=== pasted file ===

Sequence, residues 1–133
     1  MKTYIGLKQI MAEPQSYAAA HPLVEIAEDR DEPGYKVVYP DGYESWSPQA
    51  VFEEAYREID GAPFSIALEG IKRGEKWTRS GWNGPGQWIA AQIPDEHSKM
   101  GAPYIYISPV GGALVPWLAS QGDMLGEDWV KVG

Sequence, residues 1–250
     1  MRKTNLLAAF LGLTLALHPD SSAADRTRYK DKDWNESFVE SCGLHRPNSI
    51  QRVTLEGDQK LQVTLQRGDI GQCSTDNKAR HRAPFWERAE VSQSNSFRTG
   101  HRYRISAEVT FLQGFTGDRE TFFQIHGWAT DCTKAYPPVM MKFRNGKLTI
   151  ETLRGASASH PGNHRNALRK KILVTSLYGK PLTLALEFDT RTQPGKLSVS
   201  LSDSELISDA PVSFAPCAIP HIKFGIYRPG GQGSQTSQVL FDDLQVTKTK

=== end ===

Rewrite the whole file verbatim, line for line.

Sequence, residues 1–133
     1  MKTYIGLKQI MAEPQSYAAA HPLVEIAEDR DEPGYKVVYP DGYESWSPQA
    51  VFEEAYREID GAPFSIALEG IKRGEKWTRS GWNGPGQWIA AQIPDEHSKM
   101  GAPYIYISPV GGALVPWLAS QGDMLGEDWV KVG

Sequence, residues 1–250
     1  MRKTNLLAAF LGLTLALHPD SSAADRTRYK DKDWNESFVE SCGLHRPNSI
    51  QRVTLEGDQK LQVTLQRGDI GQCSTDNKAR HRAPFWERAE VSQSNSFRTG
   101  HRYRISAEVT FLQGFTGDRE TFFQIHGWAT DCTKAYPPVM MKFRNGKLTI
   151  ETLRGASASH PGNHRNALRK KILVTSLYGK PLTLALEFDT RTQPGKLSVS
   201  LSDSELISDA PVSFAPCAIP HIKFGIYRPG GQGSQTSQVL FDDLQVTKTK